The notes ..  A B C D E F G A B ... are not equally spaced. There are historical reasons for this.


The Semitone is the smallest note interval that can be represented accurately on a stave.

Two semitones make a whole tone.


Going from:

A to B is one tone.

B to C is a semitone.

C to D is one tone.

D to E is one tone.

E to F is a semitone.

F to G is one tone.

G to A is one tone.

There is no obvious reason (nowadays) for this strange state of affairs except that keyboard players will notice that the lines and spaces represent the white notes of their keyboard.


So when we go from B to C, we move from a line to the next space or a space to the next line and since this is the smallest interval, a semitone, all is well.

But when we go from, say, D to E (line to next space or space to next line), there is a whole tone difference. How do we represent the note a semitone above D and a semitone below E.


Like this:


The  # (Sharp) sign, just before the second note (D) means that the note D# (D Sharp) should be played. This is one semitone above the note D. Depending on the instrument you play, this will mean different things as far as sounding this note.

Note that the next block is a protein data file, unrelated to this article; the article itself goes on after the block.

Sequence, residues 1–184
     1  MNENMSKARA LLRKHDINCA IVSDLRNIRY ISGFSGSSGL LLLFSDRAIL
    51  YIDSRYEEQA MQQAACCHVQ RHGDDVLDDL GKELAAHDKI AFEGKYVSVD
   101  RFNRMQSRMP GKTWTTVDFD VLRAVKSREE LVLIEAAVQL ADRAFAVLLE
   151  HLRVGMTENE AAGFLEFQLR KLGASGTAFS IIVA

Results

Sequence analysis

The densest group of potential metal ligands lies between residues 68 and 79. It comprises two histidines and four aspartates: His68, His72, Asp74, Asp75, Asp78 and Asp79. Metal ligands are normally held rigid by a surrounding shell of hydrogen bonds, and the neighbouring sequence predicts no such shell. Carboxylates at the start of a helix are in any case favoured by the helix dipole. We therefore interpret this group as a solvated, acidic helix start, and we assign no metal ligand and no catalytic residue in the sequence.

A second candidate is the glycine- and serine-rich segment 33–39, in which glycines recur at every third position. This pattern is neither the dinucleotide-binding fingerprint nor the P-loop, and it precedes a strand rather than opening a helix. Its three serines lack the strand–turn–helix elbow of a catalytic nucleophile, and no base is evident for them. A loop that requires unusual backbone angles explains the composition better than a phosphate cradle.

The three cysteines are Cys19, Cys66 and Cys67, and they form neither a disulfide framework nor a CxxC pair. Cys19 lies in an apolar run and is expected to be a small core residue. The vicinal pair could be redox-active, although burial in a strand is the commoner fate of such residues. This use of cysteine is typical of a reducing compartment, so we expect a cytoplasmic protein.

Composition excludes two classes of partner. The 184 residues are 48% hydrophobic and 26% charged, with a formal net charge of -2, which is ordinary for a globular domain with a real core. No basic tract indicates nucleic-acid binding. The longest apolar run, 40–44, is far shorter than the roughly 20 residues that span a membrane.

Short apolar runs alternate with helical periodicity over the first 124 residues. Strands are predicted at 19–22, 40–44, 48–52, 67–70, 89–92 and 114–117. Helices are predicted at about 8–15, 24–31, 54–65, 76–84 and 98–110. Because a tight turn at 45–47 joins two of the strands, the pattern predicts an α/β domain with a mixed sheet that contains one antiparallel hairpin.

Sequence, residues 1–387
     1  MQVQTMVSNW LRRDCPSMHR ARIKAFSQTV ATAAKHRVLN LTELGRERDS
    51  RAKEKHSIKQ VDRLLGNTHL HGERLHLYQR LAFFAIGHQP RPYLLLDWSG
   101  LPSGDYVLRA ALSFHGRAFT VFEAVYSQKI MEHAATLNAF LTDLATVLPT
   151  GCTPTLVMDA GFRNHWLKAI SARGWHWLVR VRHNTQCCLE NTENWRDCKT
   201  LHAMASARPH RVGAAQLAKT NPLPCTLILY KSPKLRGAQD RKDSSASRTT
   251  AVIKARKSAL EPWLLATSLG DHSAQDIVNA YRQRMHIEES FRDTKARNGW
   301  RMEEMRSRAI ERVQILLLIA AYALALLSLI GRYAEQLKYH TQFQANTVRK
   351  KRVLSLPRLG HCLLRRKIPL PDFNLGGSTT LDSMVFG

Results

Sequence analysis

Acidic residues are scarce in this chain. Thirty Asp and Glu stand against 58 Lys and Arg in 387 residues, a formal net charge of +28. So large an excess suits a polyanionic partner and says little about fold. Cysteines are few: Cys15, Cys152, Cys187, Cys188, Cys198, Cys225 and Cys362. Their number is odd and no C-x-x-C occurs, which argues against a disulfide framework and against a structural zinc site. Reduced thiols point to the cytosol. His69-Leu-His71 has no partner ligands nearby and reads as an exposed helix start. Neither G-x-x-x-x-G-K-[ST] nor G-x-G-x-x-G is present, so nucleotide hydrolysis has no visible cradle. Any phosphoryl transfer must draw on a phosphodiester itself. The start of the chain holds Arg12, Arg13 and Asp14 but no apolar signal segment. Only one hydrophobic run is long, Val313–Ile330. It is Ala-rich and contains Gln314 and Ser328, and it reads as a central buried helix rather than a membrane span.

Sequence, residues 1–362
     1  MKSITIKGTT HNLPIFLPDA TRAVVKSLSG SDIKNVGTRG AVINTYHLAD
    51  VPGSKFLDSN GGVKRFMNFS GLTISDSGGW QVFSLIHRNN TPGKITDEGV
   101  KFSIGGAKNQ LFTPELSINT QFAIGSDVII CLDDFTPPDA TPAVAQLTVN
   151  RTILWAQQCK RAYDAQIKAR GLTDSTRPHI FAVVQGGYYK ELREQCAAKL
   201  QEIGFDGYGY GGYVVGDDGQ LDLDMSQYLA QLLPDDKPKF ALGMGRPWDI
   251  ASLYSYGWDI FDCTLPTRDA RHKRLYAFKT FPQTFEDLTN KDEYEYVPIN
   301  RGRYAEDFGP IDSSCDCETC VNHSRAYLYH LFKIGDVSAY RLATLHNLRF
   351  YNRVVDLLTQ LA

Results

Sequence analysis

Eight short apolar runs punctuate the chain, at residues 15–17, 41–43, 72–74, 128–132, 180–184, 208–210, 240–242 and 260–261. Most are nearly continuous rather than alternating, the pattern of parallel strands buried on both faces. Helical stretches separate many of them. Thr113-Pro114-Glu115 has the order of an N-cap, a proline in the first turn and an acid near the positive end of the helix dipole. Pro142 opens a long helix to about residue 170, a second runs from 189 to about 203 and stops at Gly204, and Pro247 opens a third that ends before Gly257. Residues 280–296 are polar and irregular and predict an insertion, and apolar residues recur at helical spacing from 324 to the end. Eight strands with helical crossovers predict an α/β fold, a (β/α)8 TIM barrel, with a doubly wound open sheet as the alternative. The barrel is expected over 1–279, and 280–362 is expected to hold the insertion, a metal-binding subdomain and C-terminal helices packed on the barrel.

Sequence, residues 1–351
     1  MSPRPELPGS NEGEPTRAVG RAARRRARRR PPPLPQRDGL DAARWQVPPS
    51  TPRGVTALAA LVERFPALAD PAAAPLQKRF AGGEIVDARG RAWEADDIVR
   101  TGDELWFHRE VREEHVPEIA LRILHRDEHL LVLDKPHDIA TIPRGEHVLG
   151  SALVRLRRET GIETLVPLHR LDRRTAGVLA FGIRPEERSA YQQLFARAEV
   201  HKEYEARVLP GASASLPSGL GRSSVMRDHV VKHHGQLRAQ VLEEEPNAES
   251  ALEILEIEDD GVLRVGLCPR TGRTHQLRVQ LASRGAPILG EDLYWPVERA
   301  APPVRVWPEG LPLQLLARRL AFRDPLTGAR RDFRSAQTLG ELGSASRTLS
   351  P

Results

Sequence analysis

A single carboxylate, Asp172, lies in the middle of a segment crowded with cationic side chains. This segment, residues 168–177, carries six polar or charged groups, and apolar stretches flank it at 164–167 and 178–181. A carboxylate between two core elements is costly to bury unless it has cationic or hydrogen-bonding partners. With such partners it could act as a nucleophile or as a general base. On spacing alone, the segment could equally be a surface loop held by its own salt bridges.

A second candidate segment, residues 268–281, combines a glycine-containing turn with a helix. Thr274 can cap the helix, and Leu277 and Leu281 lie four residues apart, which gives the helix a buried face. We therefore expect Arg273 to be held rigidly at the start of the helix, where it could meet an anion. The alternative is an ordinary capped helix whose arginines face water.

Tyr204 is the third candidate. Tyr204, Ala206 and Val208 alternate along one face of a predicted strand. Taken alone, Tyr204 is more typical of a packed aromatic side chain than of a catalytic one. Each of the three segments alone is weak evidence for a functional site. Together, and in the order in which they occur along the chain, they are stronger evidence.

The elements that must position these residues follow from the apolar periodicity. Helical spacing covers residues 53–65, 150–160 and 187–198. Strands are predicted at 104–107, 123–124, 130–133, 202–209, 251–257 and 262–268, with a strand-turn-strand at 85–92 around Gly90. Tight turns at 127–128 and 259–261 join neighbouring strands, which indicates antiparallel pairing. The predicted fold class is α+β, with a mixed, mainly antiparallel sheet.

The b (Flat) sign, just before the third note (E) means that the note Eb (E Flat) should be played. this is one semitone below the note E.

Again, depending on the instrument you play, this will mean different things.


Db and E# are not identical for all sorts of reasons, but are often sounded the same (on a keyboard they are the same note) and are considered to be enharmonic equivalents.


What happens when there is only a semitone between two notes?

Here we have B, B#, Cb and C. B to B# is the same as B to C, thus, for all practical purposes, B# and C are the same note.

Similiarly, Cb and B are the same note. thus, going from B# to Cb is the same as going from C to B, down a semitone.